Welding company aims to bridge skills gap

15th September 2017

By: Nica Schreuder



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Despite challenging economic conditions and a dire lack of welding skills, steel welding and fabrication service provider Federal Steel is committed to welding skills development through initiatives that will expand nationally.

Federal Steel MD Phakamile Buthelezi explains that the lack of welding skills is worsened by the lack of accredited learning institutions, as well as an ill-equipped schooling system.

“The lack of skills has reached critical levels, forcing government to embark on a drive to encourage young people to consider careers as artisans and for them to study through the technical and vocational education and training (TVET) colleges.”

While government improves TVET, the importing of welding skills from neighbouring countries, such as Mozambique and Zimbabwe, continues, he explains.

To further mitigate the skills gap in South Africa, Federal Steel has created a work environment that enables experienced welders to oversee trainees.

Moreover, Federal Steel welcomes young people for regular visits to its workshops, where they are exposed to the manufacturing processes and the various activities. This includes initiatives involving local schools, where the company shares career information and opportunities with the learners.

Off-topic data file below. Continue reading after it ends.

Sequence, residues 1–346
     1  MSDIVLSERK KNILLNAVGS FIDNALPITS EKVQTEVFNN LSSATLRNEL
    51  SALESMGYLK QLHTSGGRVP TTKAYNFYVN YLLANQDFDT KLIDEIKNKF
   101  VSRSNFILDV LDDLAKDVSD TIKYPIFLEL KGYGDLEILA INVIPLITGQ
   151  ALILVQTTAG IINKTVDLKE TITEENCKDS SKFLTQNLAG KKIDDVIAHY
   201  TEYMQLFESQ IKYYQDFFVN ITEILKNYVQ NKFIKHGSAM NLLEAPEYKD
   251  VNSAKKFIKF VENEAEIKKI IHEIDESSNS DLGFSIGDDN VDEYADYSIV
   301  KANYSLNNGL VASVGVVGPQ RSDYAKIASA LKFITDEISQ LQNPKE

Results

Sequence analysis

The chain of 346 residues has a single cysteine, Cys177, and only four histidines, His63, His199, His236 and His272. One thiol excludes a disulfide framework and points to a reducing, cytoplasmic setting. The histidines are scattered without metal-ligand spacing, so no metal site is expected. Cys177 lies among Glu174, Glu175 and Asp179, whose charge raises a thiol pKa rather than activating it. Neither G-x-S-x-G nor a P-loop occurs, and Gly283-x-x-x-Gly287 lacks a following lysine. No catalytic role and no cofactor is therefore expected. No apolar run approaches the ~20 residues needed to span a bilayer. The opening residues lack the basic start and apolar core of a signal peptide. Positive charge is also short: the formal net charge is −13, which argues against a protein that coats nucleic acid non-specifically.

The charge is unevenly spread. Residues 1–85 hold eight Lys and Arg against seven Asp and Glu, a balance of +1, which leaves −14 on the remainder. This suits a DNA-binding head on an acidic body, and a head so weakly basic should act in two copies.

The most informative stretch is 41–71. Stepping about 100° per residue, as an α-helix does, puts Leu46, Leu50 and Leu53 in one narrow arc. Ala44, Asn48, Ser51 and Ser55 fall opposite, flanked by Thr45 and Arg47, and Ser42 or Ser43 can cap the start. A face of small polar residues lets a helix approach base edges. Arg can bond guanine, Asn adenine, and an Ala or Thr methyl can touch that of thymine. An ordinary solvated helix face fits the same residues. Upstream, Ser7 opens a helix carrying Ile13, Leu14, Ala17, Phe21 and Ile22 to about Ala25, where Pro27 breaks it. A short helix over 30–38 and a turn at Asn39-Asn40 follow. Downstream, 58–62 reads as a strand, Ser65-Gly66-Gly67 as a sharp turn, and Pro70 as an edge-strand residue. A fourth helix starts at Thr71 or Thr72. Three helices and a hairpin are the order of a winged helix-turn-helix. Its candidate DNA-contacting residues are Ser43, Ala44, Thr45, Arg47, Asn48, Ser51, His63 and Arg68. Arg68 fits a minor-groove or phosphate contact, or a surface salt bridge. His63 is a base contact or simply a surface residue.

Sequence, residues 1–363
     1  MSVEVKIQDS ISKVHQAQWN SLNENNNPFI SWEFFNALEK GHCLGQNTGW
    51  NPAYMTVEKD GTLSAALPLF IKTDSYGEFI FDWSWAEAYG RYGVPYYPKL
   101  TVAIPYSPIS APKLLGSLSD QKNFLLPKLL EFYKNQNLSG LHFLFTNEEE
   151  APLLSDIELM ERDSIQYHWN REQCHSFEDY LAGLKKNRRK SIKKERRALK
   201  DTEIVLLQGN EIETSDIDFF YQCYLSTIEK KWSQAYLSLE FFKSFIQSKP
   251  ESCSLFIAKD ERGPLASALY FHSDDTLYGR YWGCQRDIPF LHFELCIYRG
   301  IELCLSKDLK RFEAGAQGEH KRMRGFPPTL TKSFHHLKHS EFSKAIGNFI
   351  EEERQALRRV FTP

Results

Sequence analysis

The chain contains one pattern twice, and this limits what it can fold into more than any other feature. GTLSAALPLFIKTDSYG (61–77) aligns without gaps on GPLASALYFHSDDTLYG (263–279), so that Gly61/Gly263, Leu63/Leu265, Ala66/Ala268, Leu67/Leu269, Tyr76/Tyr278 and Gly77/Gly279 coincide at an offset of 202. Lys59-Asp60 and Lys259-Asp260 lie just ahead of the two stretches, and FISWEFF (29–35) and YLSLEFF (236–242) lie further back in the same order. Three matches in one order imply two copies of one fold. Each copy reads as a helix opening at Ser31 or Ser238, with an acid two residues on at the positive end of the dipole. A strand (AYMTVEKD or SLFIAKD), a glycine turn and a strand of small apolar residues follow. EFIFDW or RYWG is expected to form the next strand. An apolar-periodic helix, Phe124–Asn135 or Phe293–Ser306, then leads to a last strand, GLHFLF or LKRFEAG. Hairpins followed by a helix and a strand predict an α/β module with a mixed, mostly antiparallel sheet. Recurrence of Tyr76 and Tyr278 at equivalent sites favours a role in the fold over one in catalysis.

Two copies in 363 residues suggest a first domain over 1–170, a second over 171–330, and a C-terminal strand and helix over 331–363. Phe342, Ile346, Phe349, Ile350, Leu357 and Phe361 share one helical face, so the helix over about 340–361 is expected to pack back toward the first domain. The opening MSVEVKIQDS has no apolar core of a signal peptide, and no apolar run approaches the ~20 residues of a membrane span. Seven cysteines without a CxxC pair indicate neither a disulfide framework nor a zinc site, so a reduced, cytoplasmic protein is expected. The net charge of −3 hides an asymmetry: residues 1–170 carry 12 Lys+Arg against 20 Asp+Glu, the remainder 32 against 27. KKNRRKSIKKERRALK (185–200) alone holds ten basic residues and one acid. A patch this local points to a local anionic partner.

Also, as part of its quest to eradicate the shortage of skills, Federal Steel has collaborated with business incubator Downstream Aluminium Centre for Technology to form the Enterprise Development Strategy (EDS). The EDS involves developing downstream operators, focusing on those operating in informal settlements, where Federal Steel provides them with skills, market opportunities, project funding and administrative assistance, while formalising their operations.

“The objective is to drive the operators’ business growth, improve their service offering and grow a network of collaborative businesses that support one another. This initiative has allowed our footprint to grow significantly – we are now building networks in KwaZulu-Natal, Gauteng, the Eastern Cape and the Western Cape,” Buthelezi enthuses.

To date, the initiative has benefited close to 20 small to medium-sized operators, involving projects to the value of R5-million monthly. By 2018, the initiative is expected to grow by 60%, he says.

To further grow its national footprint, Federal Steel will partner with Bryanston-based consulting firm Matutu Consulting in 2018.

Edited by Zandile Mavuso
Creamer Media Senior Deputy Editor: Features



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